A photo of Tamara Petkevich

Size: 3.3x2.5 mm

A tiny photo preserving a tragic love story, the smallest exhibit on display at the GULAG History Museum, shows Russian actress, theatre critic and writer Tamara Petkevich (1920-2017). She wrote the following on the back of the photo:

“My little heart belongs to you, my only dear love, and I am yours forever more. Toma.”

Tamara Petkevich addressed these affectionate words to her beloved man, Nikolai Teslik, whom she met at a corrective labour camp in the Komi ASSR. The daughter of a man who was purged for political motives in 1937, she was arrested in 1943 and found herself in the midst of the ruthless Soviet prison camp system. During Petkevich’s seven-year prison term, the camp theatre’s actor became her greatest love and her only consolation.

Petkevich was released in 1950 and landed a job with the Syktyvkar Drama Theatre. She often visited the camp in the hope of reuniting with Teslik. But this never happened because he was suffering from an incurable disease. On 27 June 1950, he died at the camp.

The woman accomplished the impossible: She convinced the camp’s administration to release his body and was allowed to bury him outside the camp. She dug the grave herself.

In 1957, Petkevich was exonerated completely and returned to Leningrad. She graduated from the Leningrad State Institute of Theatre, Music and Cinematography and is best known for her memoirs about the labour camp, Life is Not a Matching Boot, first published in 1993.

A porcelain elephant figurine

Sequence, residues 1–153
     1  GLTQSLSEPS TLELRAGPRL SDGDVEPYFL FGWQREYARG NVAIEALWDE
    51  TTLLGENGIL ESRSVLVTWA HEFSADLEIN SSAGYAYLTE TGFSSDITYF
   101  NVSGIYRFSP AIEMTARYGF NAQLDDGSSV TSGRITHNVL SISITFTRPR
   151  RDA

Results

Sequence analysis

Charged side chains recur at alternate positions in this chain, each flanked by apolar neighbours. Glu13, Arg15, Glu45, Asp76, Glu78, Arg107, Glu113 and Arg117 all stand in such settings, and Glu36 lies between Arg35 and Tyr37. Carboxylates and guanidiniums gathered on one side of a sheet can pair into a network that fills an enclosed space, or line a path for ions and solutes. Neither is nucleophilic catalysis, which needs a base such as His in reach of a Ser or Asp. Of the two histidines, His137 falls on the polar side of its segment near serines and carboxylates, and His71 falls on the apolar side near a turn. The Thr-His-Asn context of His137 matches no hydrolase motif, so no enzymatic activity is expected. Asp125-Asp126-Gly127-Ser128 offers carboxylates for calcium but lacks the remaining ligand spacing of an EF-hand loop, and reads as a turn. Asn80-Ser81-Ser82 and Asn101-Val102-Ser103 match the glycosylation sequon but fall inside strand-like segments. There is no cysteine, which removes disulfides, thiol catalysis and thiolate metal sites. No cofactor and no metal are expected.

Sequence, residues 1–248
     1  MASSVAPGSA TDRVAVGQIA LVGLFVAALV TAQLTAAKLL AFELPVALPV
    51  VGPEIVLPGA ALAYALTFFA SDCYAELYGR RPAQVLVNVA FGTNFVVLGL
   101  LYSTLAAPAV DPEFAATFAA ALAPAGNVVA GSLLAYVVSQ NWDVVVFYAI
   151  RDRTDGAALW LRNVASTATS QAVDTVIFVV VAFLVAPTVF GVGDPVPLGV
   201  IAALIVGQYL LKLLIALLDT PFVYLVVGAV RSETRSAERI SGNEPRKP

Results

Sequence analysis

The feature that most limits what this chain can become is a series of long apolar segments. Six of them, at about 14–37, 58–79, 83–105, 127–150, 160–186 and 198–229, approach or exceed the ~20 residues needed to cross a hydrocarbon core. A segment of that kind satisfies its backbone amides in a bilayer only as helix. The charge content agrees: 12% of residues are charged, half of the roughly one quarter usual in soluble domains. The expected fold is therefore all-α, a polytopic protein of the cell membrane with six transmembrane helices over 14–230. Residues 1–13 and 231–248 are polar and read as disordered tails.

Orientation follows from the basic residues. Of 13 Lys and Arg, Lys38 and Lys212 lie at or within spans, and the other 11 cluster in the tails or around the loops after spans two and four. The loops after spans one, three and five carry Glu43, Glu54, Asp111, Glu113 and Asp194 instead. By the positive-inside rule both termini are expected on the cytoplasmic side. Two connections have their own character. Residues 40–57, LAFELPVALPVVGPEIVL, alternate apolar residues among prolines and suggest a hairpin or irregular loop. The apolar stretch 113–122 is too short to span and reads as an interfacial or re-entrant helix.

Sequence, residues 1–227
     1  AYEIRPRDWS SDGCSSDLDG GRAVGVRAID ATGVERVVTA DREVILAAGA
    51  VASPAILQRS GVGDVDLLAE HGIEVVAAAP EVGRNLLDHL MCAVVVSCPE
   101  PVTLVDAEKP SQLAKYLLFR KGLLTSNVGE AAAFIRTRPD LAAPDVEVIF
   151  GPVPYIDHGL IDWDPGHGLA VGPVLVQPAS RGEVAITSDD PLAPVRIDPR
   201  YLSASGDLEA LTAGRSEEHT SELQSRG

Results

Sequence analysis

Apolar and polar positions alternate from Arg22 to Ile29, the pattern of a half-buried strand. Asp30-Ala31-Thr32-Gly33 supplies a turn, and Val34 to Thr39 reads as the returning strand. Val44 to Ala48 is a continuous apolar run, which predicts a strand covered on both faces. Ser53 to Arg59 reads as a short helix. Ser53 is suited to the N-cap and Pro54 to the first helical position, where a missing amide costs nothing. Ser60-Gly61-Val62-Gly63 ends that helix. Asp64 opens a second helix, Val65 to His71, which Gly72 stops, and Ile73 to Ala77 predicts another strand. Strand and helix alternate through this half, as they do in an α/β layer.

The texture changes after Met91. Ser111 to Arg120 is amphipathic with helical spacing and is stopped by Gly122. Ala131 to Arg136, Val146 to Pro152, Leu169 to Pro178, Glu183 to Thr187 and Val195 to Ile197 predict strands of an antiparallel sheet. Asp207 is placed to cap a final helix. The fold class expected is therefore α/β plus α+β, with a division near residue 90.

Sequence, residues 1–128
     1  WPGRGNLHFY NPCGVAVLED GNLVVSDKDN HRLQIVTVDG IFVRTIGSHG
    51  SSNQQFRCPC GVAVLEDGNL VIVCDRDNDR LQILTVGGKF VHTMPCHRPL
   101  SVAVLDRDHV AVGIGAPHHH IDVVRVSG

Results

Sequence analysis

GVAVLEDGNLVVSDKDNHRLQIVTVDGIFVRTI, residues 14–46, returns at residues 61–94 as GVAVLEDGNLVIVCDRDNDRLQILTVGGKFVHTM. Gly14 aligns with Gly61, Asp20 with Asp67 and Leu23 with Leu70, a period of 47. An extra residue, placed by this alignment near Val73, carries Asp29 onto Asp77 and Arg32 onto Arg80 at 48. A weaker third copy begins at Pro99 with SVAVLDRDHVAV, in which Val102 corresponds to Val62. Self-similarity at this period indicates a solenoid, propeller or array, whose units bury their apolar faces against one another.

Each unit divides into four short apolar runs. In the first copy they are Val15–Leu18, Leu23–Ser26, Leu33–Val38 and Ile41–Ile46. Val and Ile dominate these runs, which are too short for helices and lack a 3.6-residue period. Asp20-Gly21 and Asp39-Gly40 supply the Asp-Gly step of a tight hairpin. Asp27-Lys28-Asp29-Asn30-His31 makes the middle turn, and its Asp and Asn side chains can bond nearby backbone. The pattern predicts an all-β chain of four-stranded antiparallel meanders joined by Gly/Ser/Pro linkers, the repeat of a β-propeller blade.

Size: 1.5 cm in height

A miniature Indian elephant made out of porcelain is the smallest item on display at the permanent exhibition at the Alexander Scriabin Memorial Museum. The composer was fond of collecting figurines of these magnificent animals. Possibly they reminded him of far-away India, the land of his greatest dream. 

Scriabin’s chief idea was to compose Mystery, a work that would unite humanity and become a harbinger of a new era. It is hard to characterise Mystery with one word. Perhaps its meaning is best rendered by the German Gesamtkunstwerk, or a “total work of art.” Scriabin visualised it as a combination of different forms of art – from poetry and music to architecture and dance – which would erase the boundary between the creator and the public.

The great musician wanted to see it performed at an Indian temple and even contemplated buying a plot of land in India, on which to build it. However, he failed to implement his grand project.

A Caccobius bug

Size: 4x3 mm

The Kliment Timiryazev Biological Museum has in its collection a tiny Caccobius bug of the Caccobius mundus species, one of the numerous relatives of the divine Egyptian scarab, if ten times smaller in size. The Caccobius bugs dwell in the Caucasus, the Middle East and North Africa, where their habitats are located at a height of up to 2,500 metres. The museum’s specimen was discovered in Azerbaijan in 1967.

The beetle was first described by the French entomologist Edouard Menetries in 1838. Despite his French roots, he spent most of his life in the Russian Empire, where he was known as Eduard Petrovich. Menetries was Russia’s first professional entomologist, which meant that he was paid for doing his job.

Fossil shells

Size: 2 to 3 mm in diameter

Assilina is one of the tiniest fossil shells in the Darwin Museum’s collection. It belongs to the Foraminifera species, single-celled organisms and is believed to be nearly 55 million years old.

While the size of modern Formanifera varies between 0.1 and 1 millimetre, their Paleogene next of kin were much larger.  For example, the Nummulites could reach 16 centimetres in diameter and are to this day the biggest of the single-celled organisms.

The inside of a Formanifera shell has a complex spiral structure and consists of numerous chambers. The majority of Formanifera are bottom-dwellers and feed on single-celled algae, which they catch with their thread pseudopodia.

Known to science are over 40,000 fossil Foramanifera species and about 10,000 modern species.  

Source: mos.ru